SUCKER, free (get it?)

from the editor

Why we are free.

Recently on Twitter we engaged in a brief discussion on how to get SUCKER more widely distributed, which also included getting it “live” in bookstores. In some private emails, the staff has offered some suggestions about how to make this happen.  All of the suggestions required funds. Yep, go ahead and try to think of a way to get us more widely distributed and I guarantee that when you get to the end of the thought, money will be involved.

I am not new to the world of self and indie publishing. I knew exactly what I was getting into with SUCKER, which is why I kept every single part of this FREE and grassroots. Publishing, no matter what the gimmicky self-pubbing websites tell you, is never ever a monetarily free enterprise. This is why I also wrote off the idea of having the magazine ever leave the virtual world….unless we found a way to create revenue that we could then turn back into the magazine. But this seemed like a lofty idea. To do that, I would need time and some start-up funds (to obtain said funds would require time), and I have very little of that as it is.  Plus, quite honestly, I wanted to see if SUCKER, as a concept, would connect with readers and writers first, before I thought about the big picture.

But the real reason is…

SUCKER grew out of a personal need. A need that was pretty pure and maybe even naive. The need to create a community for writers just like me: Emerging (on the journey to publication) writers of edgy YA fiction. I didn’t have any dreams or desires to take SUCKER to Hollywood, so-to-speak, because my original writing dreams were all about that and those dreams kind of kicked me in my ass.  Don’t get it twisted though, if Hollywood calls, all of us at SUCKER, not just me, will be running to the phone. But I don’t want that to be the focus of the work in SUCKER. Cherry on top. Not the cake. Without the cake, the cherry is irrelevant.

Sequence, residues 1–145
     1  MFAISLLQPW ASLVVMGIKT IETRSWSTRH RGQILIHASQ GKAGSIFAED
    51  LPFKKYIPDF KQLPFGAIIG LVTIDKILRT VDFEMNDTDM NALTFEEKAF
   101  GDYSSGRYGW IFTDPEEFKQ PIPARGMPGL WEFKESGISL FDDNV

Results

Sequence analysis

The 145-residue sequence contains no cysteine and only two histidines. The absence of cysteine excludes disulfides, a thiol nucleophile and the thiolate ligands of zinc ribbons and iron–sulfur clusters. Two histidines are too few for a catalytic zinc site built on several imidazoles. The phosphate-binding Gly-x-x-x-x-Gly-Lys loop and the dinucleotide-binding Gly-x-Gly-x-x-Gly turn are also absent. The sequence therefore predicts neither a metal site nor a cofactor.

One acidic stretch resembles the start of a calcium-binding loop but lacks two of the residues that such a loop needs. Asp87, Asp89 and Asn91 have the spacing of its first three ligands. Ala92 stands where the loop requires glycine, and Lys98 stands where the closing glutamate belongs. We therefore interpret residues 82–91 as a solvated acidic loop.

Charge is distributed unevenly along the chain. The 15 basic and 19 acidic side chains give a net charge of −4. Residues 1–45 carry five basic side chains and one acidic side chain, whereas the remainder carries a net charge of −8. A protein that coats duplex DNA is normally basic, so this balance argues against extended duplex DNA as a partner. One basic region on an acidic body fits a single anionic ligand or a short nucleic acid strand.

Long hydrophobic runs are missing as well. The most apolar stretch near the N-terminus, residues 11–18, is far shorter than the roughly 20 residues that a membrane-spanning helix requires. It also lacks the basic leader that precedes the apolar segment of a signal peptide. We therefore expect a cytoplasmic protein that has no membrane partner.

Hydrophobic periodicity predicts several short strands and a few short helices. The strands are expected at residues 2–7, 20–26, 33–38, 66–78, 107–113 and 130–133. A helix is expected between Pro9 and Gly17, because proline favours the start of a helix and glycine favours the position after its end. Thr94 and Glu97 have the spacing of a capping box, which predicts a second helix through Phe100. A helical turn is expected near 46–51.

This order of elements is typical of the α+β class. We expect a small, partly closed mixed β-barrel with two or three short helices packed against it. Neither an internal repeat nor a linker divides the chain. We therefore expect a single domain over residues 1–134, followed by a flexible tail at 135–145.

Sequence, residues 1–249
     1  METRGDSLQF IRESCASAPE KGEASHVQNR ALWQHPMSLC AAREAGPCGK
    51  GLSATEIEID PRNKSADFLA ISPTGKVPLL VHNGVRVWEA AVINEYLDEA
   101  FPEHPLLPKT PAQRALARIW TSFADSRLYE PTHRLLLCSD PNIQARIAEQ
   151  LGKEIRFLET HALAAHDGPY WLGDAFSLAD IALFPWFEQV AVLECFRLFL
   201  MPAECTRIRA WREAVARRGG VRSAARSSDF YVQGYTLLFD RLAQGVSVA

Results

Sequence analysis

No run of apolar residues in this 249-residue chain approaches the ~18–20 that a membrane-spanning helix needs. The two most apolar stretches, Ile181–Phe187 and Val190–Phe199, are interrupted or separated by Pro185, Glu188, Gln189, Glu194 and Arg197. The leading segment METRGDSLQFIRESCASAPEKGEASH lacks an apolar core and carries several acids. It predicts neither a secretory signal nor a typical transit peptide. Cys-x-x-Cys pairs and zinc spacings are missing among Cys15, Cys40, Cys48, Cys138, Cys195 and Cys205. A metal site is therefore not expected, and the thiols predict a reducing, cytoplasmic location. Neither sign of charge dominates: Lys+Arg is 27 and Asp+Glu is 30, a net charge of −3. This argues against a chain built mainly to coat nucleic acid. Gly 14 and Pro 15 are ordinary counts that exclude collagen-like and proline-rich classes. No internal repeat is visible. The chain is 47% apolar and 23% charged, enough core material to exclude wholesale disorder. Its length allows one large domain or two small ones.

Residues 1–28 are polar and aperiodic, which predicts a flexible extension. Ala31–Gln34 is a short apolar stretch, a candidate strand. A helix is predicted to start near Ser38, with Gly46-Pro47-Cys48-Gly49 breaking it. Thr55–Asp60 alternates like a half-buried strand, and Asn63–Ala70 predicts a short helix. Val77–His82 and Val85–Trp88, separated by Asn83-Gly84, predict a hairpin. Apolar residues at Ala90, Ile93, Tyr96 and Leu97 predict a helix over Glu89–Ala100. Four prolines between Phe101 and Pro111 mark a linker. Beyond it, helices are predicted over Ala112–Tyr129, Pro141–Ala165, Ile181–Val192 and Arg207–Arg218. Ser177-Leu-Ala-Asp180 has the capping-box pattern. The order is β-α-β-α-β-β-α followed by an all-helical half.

A funny thing happened on the way to Purity

At the time I created SUCKER, I was agentless and facing an inbox FULL of rejections plus YEARS of almost “making it” but not. I actually wrote off the possibility of “making it” in the industry. I finally let go, completely, of any kind of ego attachment to my so-called failures. I decided that I was going to go purely into my work as an artist. This kind of felt like I was joining a monastery…or I was becoming a vegan. Or a born-again virgin.

Then the FUNNIEST thing happened on the way to purity….Publisher’s Weekly interviewed me…my now agent FOUND me…all while I was trying to go clean on the whole thing.

But I took it all in stride, and I decided that SUCKER would always be a pure enterprise. I would wear the artist’s hat only while working on SUCKER (mixed a bit with my teacher and mother hats). That way if the other stuff didn’t work out, I would still have this new home for me as a writer.

Why Not Put Your Money Where Your Mouth IS?

Because while I am a risk taker, I am a calculated one. I need to see this SUCKER thing through, without the pressure of money (getting it, giving it out, expectations attached to it).

Higher Value

Now one Twitter buddy said that research suggests people attach more value to something that has a fee or price or cost. Hmmmmmmm……maybe. Probably. But what about the music industry?  Most music is (sadly for the artist) quite free. Concerts, no. But songs, yes! Isn’t SUCKER but a song in a concert of literary magazines? Okay, that really makes no sense. But do you get what I mean?